For close to two years Nixon, at every available opportunity, told the American people that he had done nothing to interfere with the FBI investigation of the break-in. But the truth was slowly catching up and the pieces slowly falling in place, thanks to the meticulous reporting of the Woodward-Bernstein duo with valuable inputs from “Deep Throat”, the pseudonym of the informant, revealed thirty years later as William Mark Felt, then FBI associate director.
The Watergate break-in on the banks of the Potomac always fascinated students and professionals alike, and for primarily two reasons: first, did Nixon really need the assistance of plumbers to win the election of 1972; and second, what did the President know of the break-in and when did he know of it.
The burglary at Watergate happened some five months before the November 1972 presidential election that Nixon won hands down. Forty-nine states voted for the Republican President, including for the first time the South; he walked away with 61 per cent of the popular vote, humbling his Democratic opponent George McGovern, who won only the state of Massachusetts.
Even critics of Nixon say that he did not authorise the Watergate operation. “Who is the asshole who did” was one of the President’s first questions. The actual “crime” of Watergate was not so much the break-in but the cover up that came after. The burglary may not have had the authorisation of Nixon but the elaborate cover ups had his handwriting from the very beginning; and Nixon succumbed to a taping system he himself had installed in the White House.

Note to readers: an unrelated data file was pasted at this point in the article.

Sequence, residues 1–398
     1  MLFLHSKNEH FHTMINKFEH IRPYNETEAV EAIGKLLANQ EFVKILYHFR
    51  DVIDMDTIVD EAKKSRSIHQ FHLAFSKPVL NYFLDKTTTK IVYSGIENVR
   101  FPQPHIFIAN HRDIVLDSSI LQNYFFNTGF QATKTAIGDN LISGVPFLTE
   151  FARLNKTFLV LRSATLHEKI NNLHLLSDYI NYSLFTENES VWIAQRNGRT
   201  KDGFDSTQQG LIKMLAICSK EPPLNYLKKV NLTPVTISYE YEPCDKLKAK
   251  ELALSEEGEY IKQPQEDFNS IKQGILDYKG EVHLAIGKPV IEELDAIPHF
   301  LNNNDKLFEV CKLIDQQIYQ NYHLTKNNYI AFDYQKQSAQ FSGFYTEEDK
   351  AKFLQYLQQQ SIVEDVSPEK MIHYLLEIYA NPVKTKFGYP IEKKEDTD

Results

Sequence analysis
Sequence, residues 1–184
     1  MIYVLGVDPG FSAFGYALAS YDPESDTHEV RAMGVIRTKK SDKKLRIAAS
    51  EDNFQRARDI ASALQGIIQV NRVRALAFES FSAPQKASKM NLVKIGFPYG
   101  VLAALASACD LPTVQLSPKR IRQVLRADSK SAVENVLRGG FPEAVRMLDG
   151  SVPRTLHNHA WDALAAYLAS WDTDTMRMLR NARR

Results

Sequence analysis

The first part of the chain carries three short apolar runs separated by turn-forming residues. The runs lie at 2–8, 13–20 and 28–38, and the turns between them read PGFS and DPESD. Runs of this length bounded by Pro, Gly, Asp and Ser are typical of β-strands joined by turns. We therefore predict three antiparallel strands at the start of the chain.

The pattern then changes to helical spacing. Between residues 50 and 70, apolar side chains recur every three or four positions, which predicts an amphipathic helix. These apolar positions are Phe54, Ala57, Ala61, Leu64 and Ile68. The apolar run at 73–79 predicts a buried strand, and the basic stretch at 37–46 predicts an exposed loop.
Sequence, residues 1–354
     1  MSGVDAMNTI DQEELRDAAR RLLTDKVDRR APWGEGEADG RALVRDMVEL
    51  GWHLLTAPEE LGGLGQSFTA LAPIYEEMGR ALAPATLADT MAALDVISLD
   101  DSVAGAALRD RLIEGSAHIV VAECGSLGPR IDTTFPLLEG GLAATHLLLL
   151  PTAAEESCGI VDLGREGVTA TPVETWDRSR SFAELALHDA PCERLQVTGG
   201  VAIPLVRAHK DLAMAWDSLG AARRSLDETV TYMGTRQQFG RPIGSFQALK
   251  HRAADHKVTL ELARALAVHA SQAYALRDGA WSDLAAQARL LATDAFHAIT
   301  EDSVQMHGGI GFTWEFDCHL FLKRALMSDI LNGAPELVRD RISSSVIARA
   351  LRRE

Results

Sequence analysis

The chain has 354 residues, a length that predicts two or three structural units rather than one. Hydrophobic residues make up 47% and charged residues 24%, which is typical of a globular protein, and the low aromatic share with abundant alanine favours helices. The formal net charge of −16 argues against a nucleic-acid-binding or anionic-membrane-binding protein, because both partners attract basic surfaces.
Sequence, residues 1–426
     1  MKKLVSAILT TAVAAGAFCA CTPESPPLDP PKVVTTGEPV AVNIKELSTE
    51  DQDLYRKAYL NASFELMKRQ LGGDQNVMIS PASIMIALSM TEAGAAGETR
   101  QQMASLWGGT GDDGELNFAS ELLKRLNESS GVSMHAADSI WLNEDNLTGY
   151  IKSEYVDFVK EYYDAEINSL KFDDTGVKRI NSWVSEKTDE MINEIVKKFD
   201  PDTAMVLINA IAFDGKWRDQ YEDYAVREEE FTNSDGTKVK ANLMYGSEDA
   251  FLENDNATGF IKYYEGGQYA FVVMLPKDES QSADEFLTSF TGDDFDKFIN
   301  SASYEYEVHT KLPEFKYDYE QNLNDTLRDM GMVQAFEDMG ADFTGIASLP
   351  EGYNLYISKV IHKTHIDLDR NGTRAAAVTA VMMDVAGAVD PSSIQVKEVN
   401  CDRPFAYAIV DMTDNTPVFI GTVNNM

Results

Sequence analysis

Just six days after the plumbers broke into the DNC headquarters, Nixon devised a plan that would have the CIA effectively telling the FBI to back off on “national security” grounds. The “Smoking Gun” tape that Nixon feverishly tried to withhold from Federal and Congressional investigators citing executive privilege was forced to be outed by a unanimous ruling of the Supreme Court. And on July 24, 1974, Nixon knew that his goose had been cooked.